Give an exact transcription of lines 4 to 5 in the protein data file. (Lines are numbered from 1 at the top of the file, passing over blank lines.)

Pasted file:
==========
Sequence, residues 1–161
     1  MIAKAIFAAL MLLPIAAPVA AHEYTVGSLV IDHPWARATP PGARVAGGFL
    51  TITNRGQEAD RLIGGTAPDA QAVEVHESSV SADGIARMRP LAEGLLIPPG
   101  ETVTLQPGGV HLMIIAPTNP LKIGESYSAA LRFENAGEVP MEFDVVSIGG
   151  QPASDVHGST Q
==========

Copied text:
   101  ETVTLQPGGV HLMIIAPTNP LKIGESYSAA LRFENAGEVP MEFDVVSIGG
   151  QPASDVHGST Q